Freeze pleased with Thursday's practice:

Ole Miss continued its preparation for Central Arkansas with an energetic full-pad practice Thursday afternoon.

Freeze again praised wide receivers Ja-Mes Logan and Vincent Sanders, as well as quarterbacks Bo Walllace and Barry Brunetti, save for one poor decision by Wallace.

"Quarterbacks took care of the ball, except for one decision Bo made," Freeze said. "Right now, it's about that ball and taking care of the football. Hoping to get through some practices here before we play where we take care of it totally. That was the only mishap today, but it was just a very, very poor decision."

Freeze reiterated his intention to play both Wallace and Brunetti when the team opens its season Sept. 1. As far as how he'll balance the reps, well, he said it depends on the flow of the game.

"It kind of depends on whoever we decide to start the game with. If they start out on fire, obviously he's going to get another shot at it the next series," he said. "If it doesn't go quite as well, the other one's probably going to be quicker to get in there.

"They'll both get in there, but it kind of depends on the flow of the game. But when a quarterback gets hot, you certainly don't want to do anything to stop that momentum."

Collins Moore
Ben Garrett

Sophomore wide receiver Collins Moore returned to practice in full Thursday, while senior cornerback Wesley Pendleton "looked good," according to Freeze, in the drills in which he participated.

"Collins looked good today," he said. "Really looked good. Moved around good, didn't seem to have any pain, caught a couple of balls. Wesley Pendleton looked good working around in his drills. I think Charles (Sawyer) is doing well. Cliff (Coleman) seems to be the slowest of the three right now."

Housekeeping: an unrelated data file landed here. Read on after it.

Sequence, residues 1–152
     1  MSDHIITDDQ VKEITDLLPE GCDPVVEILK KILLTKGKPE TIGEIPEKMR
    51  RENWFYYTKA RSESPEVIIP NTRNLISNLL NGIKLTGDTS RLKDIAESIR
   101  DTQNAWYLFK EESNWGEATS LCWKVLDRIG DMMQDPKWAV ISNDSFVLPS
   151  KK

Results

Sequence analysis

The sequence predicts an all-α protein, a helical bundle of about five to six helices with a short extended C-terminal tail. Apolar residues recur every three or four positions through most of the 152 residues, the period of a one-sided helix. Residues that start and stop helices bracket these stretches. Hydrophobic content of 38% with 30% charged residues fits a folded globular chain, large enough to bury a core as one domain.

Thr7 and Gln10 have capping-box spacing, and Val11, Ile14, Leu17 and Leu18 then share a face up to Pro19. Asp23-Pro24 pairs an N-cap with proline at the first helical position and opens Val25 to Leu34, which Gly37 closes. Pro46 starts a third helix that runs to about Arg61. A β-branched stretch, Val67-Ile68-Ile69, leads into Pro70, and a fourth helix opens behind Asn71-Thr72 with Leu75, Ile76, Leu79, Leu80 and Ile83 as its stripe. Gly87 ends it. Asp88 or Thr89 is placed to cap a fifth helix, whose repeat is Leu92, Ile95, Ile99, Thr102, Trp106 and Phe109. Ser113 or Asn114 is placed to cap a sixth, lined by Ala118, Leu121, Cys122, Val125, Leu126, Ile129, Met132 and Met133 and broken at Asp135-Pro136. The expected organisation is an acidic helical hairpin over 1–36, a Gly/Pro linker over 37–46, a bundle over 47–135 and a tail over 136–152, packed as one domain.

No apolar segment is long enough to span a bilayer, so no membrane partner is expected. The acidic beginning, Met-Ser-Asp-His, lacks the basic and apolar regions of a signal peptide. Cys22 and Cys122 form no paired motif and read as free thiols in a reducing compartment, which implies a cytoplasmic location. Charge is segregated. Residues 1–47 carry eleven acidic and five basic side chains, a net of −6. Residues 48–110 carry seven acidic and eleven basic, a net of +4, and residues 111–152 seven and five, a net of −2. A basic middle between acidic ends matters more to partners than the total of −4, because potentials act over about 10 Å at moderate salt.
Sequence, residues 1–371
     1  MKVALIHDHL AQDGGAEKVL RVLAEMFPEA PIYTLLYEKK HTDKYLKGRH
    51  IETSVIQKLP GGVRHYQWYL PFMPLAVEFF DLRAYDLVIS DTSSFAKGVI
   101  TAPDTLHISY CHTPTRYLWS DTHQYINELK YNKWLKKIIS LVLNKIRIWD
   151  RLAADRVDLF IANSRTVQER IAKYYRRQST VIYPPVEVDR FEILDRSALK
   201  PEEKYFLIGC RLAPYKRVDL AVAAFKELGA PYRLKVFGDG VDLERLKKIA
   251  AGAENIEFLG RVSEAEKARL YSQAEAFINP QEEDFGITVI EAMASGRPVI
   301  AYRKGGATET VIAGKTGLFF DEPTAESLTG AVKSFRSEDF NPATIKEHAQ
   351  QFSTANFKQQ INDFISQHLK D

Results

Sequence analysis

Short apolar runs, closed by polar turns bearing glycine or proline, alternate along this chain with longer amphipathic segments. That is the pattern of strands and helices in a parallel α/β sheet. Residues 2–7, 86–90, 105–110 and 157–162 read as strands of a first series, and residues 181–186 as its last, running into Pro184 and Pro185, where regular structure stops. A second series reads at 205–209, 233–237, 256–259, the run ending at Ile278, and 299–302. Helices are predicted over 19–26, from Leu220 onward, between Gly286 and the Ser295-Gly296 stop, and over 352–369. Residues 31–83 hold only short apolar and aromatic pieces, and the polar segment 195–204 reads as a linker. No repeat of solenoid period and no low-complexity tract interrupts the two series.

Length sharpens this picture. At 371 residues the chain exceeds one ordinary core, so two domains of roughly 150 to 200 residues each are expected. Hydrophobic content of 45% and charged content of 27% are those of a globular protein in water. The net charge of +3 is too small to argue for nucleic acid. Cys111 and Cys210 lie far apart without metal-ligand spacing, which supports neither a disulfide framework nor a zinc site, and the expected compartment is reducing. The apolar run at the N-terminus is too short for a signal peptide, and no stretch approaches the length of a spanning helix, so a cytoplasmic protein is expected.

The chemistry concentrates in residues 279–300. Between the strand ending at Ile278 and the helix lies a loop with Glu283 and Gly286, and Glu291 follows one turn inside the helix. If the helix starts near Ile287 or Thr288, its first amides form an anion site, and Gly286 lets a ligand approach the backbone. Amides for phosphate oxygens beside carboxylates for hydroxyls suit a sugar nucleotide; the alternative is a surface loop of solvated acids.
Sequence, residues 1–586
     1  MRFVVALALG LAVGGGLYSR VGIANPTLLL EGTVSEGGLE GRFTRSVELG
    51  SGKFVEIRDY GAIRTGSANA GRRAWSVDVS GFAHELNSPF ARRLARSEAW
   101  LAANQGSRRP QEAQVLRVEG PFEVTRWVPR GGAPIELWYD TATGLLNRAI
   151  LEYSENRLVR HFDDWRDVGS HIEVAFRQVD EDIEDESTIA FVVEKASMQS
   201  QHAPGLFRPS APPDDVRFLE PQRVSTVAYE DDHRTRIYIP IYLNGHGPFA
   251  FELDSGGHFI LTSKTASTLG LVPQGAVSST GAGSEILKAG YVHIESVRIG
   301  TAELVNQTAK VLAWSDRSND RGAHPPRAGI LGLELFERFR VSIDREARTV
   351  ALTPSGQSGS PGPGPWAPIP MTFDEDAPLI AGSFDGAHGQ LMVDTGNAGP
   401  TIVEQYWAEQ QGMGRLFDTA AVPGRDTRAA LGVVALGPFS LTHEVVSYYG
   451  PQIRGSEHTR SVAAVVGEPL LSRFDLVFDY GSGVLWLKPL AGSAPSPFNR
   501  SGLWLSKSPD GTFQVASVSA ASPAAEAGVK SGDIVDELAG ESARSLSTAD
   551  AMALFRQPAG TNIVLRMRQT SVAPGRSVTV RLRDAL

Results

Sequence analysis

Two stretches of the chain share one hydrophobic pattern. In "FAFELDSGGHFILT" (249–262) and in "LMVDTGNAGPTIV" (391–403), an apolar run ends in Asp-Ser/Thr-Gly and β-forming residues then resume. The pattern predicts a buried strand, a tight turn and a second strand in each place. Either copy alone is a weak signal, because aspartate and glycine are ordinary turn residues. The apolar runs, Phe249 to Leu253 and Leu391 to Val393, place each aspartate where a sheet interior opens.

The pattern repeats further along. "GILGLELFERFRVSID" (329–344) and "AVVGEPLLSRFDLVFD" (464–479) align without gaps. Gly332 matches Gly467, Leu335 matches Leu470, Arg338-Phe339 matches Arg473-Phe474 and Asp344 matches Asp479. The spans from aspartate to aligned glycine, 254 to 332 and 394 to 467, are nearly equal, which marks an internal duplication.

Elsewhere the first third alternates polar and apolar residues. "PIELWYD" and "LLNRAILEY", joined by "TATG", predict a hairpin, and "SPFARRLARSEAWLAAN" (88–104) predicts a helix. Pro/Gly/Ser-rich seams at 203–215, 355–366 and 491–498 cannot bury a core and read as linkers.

Secondary depth a concern for Wommack:

Of all the positions on the roster, none have been hit harder by injury than secondary.

Pendleton, Sawyer and Coleman have all missed extended time in fall camp due to injury. Pendleton and Sawyer are starters.

Junior college transfer Louis Covington has worked with the first team in place of Pendleton. Sophomore Cody Prewitt and redshirt freshman Chief Brown have been used as the team's primary safeties in Sawyer's absence.

"I'm concerned about it right now because there's three of them that aren't there," Wommack said. "Charles is a very good football player. So is Wesley Pendleton. Cliff's brought a lot to us, too. None of the three have practiced with us, some of them several weeks.

"Certainly we need to get those guys back, ‘cause anytime you're playing real young guys like that, no matter how many practices we've been out here, they're freshmen. They haven't been in enough experiences in the game. So it's a big concern for me if we don't get those guys back."

Ward has a role:

Freshman defensive end Channing Ward didn't receive clearance by the NCAA until late last week. He's behind.

Even so, Wommack envisions a role for the 6-foot-4, 250-pound Ward.

"He looks like they're supposed to look," he said. "He's going to get some playing time. I'm not stupid."